On Thursday night, I put my hair in two buns and went to the cinema – I was aiming for the Princess Leia gold-bikini vibe in Episode IV but it’s likely that Yoda was a closer comparison. Given that I turned to my mum about a minute and a half before the film started and said ‘so, can you quickly catch me up?’ to her absolute horror, I’m not a die-hard fan. I’ve seen all the films throughout my childhood, but it had been years. Let me say now that I anticipated to enjoy the film, it cost 200 million to make, it was hardly going to be rubbish. I didn’t anticipate however, to cry, laugh, and want to write about it the second it began.
From the outset, the film is funny. I laughed out loud, a lot. This can be largely credited to new face in the franchise, and pilot for the resistance, Poe. His lines are perfectly timed and delivered, and his performance throughout the film is standout. I’m going to hold my hands up and say that BB-8 – the small droid – made me laugh, probably more than it should have. It’s just so cute! As a central feature of characters and plot within the film, that little droid encompasses the joy of the Star Wars franchise, and very smartly. BB-8 tickles young and older viewers in varying ways, a clever tact from its creators. If you watch that little ball, head down, move as fast as it possibly can across a sandy desert in the film, and don’t squeal with cutemess-overload, there’s something seriously wrong with you.
We saw many new and old faces in the 2 hours and 16 minutes – never did I think I’d be so pleased to see Harrison Ford, with the incomprehensible and ever brilliant Chewbacca in tow. Princess Leia was back as beautiful as ever, played by the same Carrie Fisher at the age of 59.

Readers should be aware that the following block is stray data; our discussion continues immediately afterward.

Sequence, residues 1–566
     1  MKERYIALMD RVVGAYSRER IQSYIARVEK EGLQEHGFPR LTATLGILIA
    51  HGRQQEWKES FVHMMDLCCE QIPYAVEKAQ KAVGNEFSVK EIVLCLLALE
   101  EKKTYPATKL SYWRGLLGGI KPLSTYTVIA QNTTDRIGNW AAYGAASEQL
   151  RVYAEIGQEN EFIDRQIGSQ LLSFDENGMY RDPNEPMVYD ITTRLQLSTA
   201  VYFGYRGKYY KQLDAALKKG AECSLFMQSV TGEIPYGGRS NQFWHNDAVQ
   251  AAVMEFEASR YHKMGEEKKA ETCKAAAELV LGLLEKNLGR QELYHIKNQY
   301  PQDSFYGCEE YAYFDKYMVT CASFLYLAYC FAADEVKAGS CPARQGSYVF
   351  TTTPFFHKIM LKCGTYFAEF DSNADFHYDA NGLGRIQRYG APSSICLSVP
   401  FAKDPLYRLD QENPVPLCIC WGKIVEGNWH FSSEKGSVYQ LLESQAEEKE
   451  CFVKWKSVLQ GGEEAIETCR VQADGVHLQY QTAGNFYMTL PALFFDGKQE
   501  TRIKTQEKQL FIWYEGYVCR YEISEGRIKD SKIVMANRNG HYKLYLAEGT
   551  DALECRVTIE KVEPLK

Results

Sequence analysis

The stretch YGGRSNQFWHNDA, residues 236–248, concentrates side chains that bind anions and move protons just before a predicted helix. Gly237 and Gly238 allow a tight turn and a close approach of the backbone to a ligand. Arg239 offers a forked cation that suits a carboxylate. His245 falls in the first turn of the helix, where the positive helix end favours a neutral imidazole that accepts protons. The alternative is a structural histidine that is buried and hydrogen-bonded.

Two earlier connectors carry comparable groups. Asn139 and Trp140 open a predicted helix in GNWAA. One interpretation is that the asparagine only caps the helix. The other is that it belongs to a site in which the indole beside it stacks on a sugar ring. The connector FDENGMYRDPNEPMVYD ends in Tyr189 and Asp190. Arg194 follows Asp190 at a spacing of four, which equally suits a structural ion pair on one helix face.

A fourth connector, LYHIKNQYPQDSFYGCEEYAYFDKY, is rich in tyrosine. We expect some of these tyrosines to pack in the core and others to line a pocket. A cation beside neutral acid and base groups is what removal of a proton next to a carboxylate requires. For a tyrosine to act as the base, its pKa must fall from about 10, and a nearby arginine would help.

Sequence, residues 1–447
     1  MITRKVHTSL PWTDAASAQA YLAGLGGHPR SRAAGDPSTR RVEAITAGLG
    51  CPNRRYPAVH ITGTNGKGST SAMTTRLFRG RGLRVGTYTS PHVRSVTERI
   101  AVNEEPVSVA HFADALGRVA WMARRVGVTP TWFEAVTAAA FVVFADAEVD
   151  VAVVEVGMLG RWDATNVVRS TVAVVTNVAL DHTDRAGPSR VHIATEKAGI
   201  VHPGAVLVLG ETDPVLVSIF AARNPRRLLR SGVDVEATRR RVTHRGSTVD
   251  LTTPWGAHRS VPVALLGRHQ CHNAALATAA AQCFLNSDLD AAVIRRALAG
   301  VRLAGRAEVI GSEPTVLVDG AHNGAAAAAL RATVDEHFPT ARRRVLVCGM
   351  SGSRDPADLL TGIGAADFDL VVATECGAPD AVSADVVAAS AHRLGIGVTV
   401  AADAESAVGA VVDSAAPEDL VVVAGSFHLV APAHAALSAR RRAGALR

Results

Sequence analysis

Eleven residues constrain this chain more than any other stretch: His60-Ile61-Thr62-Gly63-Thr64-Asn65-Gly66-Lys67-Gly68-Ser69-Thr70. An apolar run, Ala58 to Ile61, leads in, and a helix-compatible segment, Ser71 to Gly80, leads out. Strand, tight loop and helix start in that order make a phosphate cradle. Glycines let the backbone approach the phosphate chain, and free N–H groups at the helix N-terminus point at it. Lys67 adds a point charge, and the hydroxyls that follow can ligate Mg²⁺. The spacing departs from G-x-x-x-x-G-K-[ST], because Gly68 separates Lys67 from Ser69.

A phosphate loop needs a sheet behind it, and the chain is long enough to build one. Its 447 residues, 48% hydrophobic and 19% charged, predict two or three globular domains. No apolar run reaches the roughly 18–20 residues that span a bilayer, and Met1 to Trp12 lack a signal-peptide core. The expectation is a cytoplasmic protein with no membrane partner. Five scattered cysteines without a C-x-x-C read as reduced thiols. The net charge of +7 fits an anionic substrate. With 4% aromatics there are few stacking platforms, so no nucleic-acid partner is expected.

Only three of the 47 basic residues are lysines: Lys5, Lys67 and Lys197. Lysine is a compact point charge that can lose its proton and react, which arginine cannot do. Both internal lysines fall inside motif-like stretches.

Central character Rey, played by Daisy Ridley, stood for powerful and independent femininity – a beautiful girl who can take care of herself, and look after a few men in the meantime. She was a little Kiera Knightley-esque at times, talking through her teeth and breathing a lot, but she was way more badass. She grew into her character as the film went on; she stomped her way through the first scene over-emphasising every word, but the longer she was on the screen, the more settled she became. I wish I looked that pretty when I cried.
I was a little underwhelmed by her companion Finn played by John Boyega, but the juxtaposition of Rey’s hardiness and Finn’s lack of, was a match made in movie-making heaven. Adam Driver as a baddy was sick. The faceless character of Ren was creepy as hell, and he plays the young and tormented soul effortlessly, with a dark voice and a moody strut to kill. My only qualm was that we didn’t see him enough.
Visually, the film is impressive. The desert landscapes, empty snow-ridden woods, and swirling planet surfaces were vast and breathtaking. The explosions were enormous and vivid, and the fight scenes were frenzied in a realistic, manic way that had you on the edge of your seat. A fight scene between a luminous blue and red lightsaber in a saturated, snowy wood was inspired – the power of colour in this was extraordinary.
It’s possible that because I didn’t remember much of the last films, at face-value I saw this instalment as fresh and exciting. It was probably one of the toughest tasks to take on, but in my opinion JJ Abrams did one hell of a job.